The blackbody radiation is seen as a remnant of the transparency point at which theexpanding universe dropped below about 3000K so that radiation could escape.
A uniform background radiation in the microwave region of the spectrum is observed in all directions in the sky. Currently it is commonly called the Cosmic Microwave Background or just CMB, alluding to its Wien peak in the microwave region. It shows the wavelength dependence of a "blackbody" radiator at about 3 Kelvins temperature. It is considered to be the remnant of the radiation emitted at the time the expanding universe became transparentat about 3000 K temperature. The discovery of the 3K microwave background radiation was one of the crucial steps leading to the calculation of the standard "Big Bang" model of cosmology, its role being that of providing estimates of relative populations of particles and photons. Research using the Far Infrared Absolute Spectrophotometer (FIRAS) onboard the COBE satellite have given a temperature of 2.725 +/- 0.002 K. Previous experiments had shown some anisotropy of the background radiation due to the motion of the solar system, but COBE collected data showing fluctuations in the background. Some fluctuations in the background are necessary in big bang cosmology to give enough non-uniformity for galaxies to form. The apparent uniformity of the background radiation is the basis for the "galaxy formation problem" in big bang cosmology. The more recent WMAP mission gave a much higher resolution picture of the anisotropies in the cosmic background radiation.The precision of the mapping of the CMB was improved with the Planck satellite, giving the best current values for the descriptive parameters.
The data for the round figure of 109 photons per nuclear particle is the "most important quantitative conclusion to be drawn from the measurements of the microwave radiation background ..."(Weinberg p66-70). This allowed the conclusion that galaxies and stars could not have started forming until the temperature dropped below 3000K. Then atoms could form and remove the opacity of the expanding universe; light could get out and relieve the radiation pressure. Star and galaxy formation could not occur until the gravitational attraction could overcome the outward radiation pressure, and at 109 photons/baryon a critical "Jean's mass" of about a million times that of a large galaxy would be required. With atom formation and a transparent universe, the Jeans mass dropped to about 10-6 the mass of a galaxy, allowing gravitational clumping.
CMB based on COBE (NASA) data.
The CMB is the oldest light in the universe, dating from the first epoch in which photons could travel freely. Shortly after the Big Bang, the cosmos was a seething-hot, opaque fog of plasma and energy; things changed about 380,000 years later, when temperatures dropped enough for electrically neutral atoms to form, and the universe became transparent.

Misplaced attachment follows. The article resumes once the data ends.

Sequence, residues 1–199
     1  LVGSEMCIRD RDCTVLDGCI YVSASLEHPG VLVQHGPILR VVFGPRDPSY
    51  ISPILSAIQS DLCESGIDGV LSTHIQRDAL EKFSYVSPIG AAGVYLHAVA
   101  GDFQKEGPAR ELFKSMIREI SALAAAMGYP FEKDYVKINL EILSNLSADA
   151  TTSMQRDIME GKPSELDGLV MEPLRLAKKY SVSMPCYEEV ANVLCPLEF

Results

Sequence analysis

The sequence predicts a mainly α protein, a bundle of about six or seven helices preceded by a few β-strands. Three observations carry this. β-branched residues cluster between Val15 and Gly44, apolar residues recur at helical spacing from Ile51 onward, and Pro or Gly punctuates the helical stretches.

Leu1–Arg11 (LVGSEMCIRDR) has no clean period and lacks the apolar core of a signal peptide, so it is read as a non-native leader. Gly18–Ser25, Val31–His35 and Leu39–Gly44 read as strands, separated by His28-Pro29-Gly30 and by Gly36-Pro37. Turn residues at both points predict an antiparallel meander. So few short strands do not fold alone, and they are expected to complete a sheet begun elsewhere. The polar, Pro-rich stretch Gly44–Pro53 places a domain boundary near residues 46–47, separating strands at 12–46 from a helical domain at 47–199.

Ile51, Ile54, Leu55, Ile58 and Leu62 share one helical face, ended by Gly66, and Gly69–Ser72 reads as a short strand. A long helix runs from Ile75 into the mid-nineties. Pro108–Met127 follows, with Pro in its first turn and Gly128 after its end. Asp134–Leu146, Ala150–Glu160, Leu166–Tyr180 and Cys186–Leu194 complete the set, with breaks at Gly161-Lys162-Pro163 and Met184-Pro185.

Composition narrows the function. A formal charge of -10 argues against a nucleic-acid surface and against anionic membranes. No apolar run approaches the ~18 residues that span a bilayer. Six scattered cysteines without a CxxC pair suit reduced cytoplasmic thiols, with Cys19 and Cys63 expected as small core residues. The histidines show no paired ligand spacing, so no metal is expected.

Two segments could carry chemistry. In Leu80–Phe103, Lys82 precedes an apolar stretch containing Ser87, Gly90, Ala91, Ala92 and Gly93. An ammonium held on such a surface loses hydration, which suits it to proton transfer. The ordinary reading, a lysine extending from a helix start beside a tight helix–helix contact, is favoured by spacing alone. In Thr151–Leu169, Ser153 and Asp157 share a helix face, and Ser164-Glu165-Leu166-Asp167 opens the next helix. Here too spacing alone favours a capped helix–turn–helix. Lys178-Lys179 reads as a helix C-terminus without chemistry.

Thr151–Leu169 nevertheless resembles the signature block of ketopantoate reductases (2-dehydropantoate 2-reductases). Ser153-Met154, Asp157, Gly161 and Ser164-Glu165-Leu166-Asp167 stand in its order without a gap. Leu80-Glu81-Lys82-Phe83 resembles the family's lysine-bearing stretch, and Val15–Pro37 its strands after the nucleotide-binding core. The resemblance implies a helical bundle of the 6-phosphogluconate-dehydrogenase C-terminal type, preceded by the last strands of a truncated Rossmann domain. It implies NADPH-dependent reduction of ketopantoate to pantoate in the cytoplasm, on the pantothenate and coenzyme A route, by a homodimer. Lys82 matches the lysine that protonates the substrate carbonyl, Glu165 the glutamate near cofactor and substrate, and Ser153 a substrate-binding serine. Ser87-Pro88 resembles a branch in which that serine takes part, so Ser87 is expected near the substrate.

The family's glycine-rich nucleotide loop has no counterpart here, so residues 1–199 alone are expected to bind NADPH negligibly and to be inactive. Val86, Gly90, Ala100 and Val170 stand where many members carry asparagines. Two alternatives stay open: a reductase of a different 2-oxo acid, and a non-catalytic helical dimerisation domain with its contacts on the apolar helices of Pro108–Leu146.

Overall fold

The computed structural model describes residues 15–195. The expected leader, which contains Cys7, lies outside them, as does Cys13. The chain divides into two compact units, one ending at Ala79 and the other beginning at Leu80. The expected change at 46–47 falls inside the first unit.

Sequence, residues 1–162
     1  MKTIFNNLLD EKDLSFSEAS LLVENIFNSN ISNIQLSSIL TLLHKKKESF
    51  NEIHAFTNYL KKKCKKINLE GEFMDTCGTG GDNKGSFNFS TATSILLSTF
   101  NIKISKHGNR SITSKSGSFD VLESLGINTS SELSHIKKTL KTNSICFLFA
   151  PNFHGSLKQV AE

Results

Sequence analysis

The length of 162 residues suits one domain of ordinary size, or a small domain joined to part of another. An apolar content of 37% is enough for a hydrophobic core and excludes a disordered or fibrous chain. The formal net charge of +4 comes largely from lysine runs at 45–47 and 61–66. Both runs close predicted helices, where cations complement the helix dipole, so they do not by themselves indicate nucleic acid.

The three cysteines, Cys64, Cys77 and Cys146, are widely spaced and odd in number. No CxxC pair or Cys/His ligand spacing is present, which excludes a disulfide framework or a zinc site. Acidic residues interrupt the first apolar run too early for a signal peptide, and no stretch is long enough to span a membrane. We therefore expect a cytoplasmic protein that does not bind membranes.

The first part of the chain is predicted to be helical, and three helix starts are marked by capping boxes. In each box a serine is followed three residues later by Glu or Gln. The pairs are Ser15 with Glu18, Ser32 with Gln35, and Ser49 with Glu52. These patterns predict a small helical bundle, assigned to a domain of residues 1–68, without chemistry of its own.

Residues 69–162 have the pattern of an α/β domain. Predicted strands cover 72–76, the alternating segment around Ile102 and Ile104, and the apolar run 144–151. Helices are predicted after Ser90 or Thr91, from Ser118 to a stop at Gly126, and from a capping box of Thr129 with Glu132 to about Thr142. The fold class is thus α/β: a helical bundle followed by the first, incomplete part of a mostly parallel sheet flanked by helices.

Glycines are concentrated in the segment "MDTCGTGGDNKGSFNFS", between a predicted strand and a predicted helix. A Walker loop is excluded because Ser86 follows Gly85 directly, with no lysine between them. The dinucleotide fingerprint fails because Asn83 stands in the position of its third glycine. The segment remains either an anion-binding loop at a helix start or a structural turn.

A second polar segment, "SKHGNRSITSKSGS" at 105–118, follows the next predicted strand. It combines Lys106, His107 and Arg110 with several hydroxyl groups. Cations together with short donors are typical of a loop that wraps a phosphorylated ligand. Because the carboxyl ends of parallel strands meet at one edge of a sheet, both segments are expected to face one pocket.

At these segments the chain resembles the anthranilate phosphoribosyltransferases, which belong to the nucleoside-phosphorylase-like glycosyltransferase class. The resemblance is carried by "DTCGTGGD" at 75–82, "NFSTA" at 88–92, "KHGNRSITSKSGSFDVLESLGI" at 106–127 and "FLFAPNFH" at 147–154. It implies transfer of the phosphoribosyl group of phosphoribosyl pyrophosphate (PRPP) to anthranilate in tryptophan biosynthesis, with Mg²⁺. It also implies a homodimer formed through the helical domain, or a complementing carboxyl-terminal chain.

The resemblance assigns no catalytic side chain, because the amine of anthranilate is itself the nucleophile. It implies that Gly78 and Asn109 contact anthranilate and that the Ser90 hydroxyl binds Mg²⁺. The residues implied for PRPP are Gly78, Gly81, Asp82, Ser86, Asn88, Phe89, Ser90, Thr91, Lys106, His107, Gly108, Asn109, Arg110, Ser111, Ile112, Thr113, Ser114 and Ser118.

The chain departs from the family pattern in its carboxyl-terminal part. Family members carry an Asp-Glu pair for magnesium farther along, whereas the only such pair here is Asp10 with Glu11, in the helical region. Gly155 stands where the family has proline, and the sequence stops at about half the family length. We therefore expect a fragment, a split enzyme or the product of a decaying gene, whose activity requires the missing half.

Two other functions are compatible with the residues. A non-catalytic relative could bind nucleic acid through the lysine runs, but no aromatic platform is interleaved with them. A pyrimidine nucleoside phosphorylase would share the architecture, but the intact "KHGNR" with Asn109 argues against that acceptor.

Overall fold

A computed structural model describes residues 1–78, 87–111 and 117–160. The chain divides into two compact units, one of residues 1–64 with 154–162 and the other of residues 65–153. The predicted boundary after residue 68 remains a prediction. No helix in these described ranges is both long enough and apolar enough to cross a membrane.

The CMB is markedly uniform, lending support to the theory of cosmic inflation, which posits that the universe expanded much faster than the speed of light just a few tiny fractions of a second after the Big Bang.
"Why the cosmic microwave background temperature is the same at different spots in the sky would be a mystery if it was not for inflation saying, well, our whole sky came from this tiny region," Charles Bennett of Johns Hopkins University in Baltimore told Space.com last year. Bennett is principal investigator of NASA's CMB-mapping Wilkinson Microwave Anisotropy Probe (WMAP), which launched in 2001 and stopped gathering data in 2010.
But the CMB also contains tiny temperature variations, which signify areas of different densities. These density fluctuations were the seeds that eventually gave rise to stars, galaxies and all the other structure that we observe in the universe today, researchers say.
Scientists have extracted a great deal of information from the CMB over the years. In March, for example, a team of astronomers announced that they had found evidence of primordial gravitational waves in the CMB — a discovery that, if confirmed, provides a long-sought "smoking gun" for the theory of cosmic inflation.
American Physical Society. Available in: https://www.aps.org/programs/outreach/history/historicsites/penziaswilson.cfm. Access in: 11/12/2018.
The Conversation. Available in: http://theconversation.com/the-cmb-how-an-accidental-discovery-became-the-key-to-understanding-the-universe-45126. Access in: 11/12/2018.
Space. Available in: https://www.space.com/25945-cosmic-microwave-background-discovery-50th-anniversary.html. Access in: 11/12/2018.
Georgia State University. Available in: http://hyperphysics.phy-astr.gsu.edu/hbase/bkg3k.html#c3. Access in: 11/12/2018.
Georgia State University. Available in: http://hyperphysics.phy-astr.gsu.edu/hbase/bkg3k.html#c1. Access in: 11/12/2018.
Wikipedia. Available in: https://en.wikipedia.org/wiki/Discovery_of_cosmic_microwave_background_radiation. Access in: 11/12/2018.